Nonetheless, the state contends that the legal error here does not appear on the record and therefore is not “plain.” It argues that the trial court is not required to engage in a colloquy or factfinding as to defendant's ability to pay on the record, and, because “nothing in the record tends to show that defendant was unemployable,” therefore, “one reasonable inference is that the trial court learned of facts in chambers or in an off-the-record colloquy that demonstrated that defendant is or may be able to pay fees.” The problem with the state's position is that it essentially shifts the burden of proof to defendant; that is, it would require a defendant to demonstrate that he or she cannot pay attorney fees. That is impermissible. See Pendergrapht, 251 Or.App. at 635 n. 6, 284 P.3d 573 (“As we made clear in Kanuch, the state bears the burden of proving that a defendant is or may be able to pay attorney fees. A defendant is not required to prove that he or she is unable to pay them.” (Citations omitted.)). As the state implicitly acknowledges, the record here is silent as to defendant's ability to pay the attorney fees ordered; therefore, it is apparent from the record and not reasonably in dispute that the trial court failed to comply with the statutory requirement that, before imposing attorney fees, it find that defendant “is or may be able to” pay the fees.
When a plain error is established, we still must determine if it is appropriate to exercise our discretion to correct the error, considering, among other things, “the gravity of the error; the ends of justice in the particular case; how the error came to the court's attention; and whether the policies behind the general rule requiring preservation of error have been served in the case in another way.” Ailes v. Portland Meadows, Inc., 312 Or. 376, 382, 382 n. 6, 823 P.2d 956 (1991). We agree with defendant that those factors weigh in favor of correcting the error in this case.2 As defendant points out, the error is grave. Defendant was ordered to pay $8,000, a substantial sum. Moreover, contrary to the state's view, this is not a case where, had it been alerted to the issue, the trial court could easily have determined that defendant could or would be able to pay the fees. The record contains no evidence of any financial resources available to defendant. And, defendant was sentenced to a lengthy prison term—375 months. See Pendergrapht, 251 Or.App. at 634, 284 P.3d 573 (“A court cannot impose fees based on pure speculation that a defendant has funds to pay the fees or may acquire them in the future.”). Given those circumstances, the state's suggestion that the error is not grave because defendant could petition the court to reduce or eliminate the $8,000 obligation if it ultimately imposed a substantial hardship on him is not well taken.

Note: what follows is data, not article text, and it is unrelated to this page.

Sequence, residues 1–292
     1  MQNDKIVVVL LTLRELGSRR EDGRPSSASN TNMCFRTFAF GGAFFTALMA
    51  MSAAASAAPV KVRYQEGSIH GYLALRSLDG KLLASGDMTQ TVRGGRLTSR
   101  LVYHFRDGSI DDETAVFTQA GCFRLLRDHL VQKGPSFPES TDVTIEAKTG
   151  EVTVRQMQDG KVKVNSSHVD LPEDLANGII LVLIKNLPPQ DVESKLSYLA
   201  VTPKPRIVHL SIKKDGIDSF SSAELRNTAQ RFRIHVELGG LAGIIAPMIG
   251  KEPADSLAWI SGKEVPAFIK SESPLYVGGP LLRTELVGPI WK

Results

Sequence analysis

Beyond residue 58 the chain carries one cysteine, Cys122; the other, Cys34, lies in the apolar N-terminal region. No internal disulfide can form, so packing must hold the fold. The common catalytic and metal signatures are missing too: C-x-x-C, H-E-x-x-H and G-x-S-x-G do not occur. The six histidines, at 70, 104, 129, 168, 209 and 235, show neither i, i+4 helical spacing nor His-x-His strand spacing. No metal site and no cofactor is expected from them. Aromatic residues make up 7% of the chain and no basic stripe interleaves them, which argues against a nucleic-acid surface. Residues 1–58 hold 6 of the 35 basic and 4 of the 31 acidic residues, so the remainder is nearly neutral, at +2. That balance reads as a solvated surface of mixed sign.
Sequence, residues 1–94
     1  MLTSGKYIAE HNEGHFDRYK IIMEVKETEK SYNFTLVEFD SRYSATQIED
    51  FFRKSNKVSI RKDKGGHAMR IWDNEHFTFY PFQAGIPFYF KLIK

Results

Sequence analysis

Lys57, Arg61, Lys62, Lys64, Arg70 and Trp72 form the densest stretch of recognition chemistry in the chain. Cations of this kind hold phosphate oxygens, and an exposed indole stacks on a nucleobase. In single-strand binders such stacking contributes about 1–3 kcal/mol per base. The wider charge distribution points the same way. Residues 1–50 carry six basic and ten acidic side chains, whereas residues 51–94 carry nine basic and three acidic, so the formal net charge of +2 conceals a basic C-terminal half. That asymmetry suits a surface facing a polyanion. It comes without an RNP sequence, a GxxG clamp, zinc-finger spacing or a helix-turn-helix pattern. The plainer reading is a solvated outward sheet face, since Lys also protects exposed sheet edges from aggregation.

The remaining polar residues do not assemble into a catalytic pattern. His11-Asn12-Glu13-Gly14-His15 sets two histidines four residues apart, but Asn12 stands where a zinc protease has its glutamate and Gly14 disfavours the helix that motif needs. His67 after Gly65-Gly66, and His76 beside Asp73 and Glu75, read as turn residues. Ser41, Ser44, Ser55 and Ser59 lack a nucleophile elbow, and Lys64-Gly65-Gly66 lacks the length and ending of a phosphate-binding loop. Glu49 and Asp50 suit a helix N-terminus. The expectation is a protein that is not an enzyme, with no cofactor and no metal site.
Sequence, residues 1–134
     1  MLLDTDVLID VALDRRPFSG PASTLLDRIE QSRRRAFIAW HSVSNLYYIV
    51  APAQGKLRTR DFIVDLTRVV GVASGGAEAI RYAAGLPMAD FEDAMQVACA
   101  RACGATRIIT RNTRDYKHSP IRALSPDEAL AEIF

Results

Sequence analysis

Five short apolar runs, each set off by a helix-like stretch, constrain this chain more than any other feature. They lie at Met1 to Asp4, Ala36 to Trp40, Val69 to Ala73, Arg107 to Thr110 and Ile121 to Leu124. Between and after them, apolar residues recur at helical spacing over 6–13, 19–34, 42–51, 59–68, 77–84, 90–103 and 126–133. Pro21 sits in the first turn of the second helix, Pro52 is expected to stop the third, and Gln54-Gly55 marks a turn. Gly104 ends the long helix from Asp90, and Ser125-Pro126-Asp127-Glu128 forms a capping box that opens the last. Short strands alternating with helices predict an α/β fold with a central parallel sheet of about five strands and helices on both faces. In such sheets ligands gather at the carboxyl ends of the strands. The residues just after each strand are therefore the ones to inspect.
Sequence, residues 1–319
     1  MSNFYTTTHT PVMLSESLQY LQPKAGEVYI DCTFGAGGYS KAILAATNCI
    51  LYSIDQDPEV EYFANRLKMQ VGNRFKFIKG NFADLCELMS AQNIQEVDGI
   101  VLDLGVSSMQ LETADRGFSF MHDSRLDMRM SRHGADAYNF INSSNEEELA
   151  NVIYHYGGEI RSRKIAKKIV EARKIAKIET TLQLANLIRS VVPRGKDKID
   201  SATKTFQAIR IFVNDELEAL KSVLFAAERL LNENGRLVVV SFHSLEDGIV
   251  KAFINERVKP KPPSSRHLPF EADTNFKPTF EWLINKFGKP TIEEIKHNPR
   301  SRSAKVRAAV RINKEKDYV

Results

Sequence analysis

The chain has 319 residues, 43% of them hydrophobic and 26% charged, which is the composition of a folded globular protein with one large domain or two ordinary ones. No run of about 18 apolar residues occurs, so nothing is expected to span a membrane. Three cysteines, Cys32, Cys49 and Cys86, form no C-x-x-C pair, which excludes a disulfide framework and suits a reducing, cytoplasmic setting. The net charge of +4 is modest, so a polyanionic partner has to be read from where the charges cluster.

Portion of judgment requiring defendant to pay attorney fees reversed; otherwise affirmed.
1. ORS 151.505 and ORS 161.665 were amended in 2011, see Or Laws 2011, ch 597, §§ 43, 44. (Among other things, ORS 151.505(4) is now ORS 151.505(3).) Although the changes do not affect our analysis, we follow the parties' lead and refer to the 2009 versions of those statutes in this opinion.
2. State v. Ashley, 240 Or.App. 795, 249 P.3d 125, rev den, 350 Or. 297, 255 P.3d 489 (2011), upon which the state relies, is not to the contrary. In Ashley, we declined to review as plain error the defendant's claim that the trial court had failed to make express findings regarding the defendant's ability to pay. Id. at 799, 249 P.3d 125. However, in that case, we noted that the defendant did not make a plain-error argument; we also noted that, even if he had, we would not exercise our discretion to correct it because the trial court easily could have made the findings had defendant requested them. Moreover, we emphasized that the defendant did not argue that the trial court lacked authority to impose payment of the fees (as defendant did in this case), only that the court erred in not making express findings as to his ability to pay. Id.
ARMSTRONG, P. J.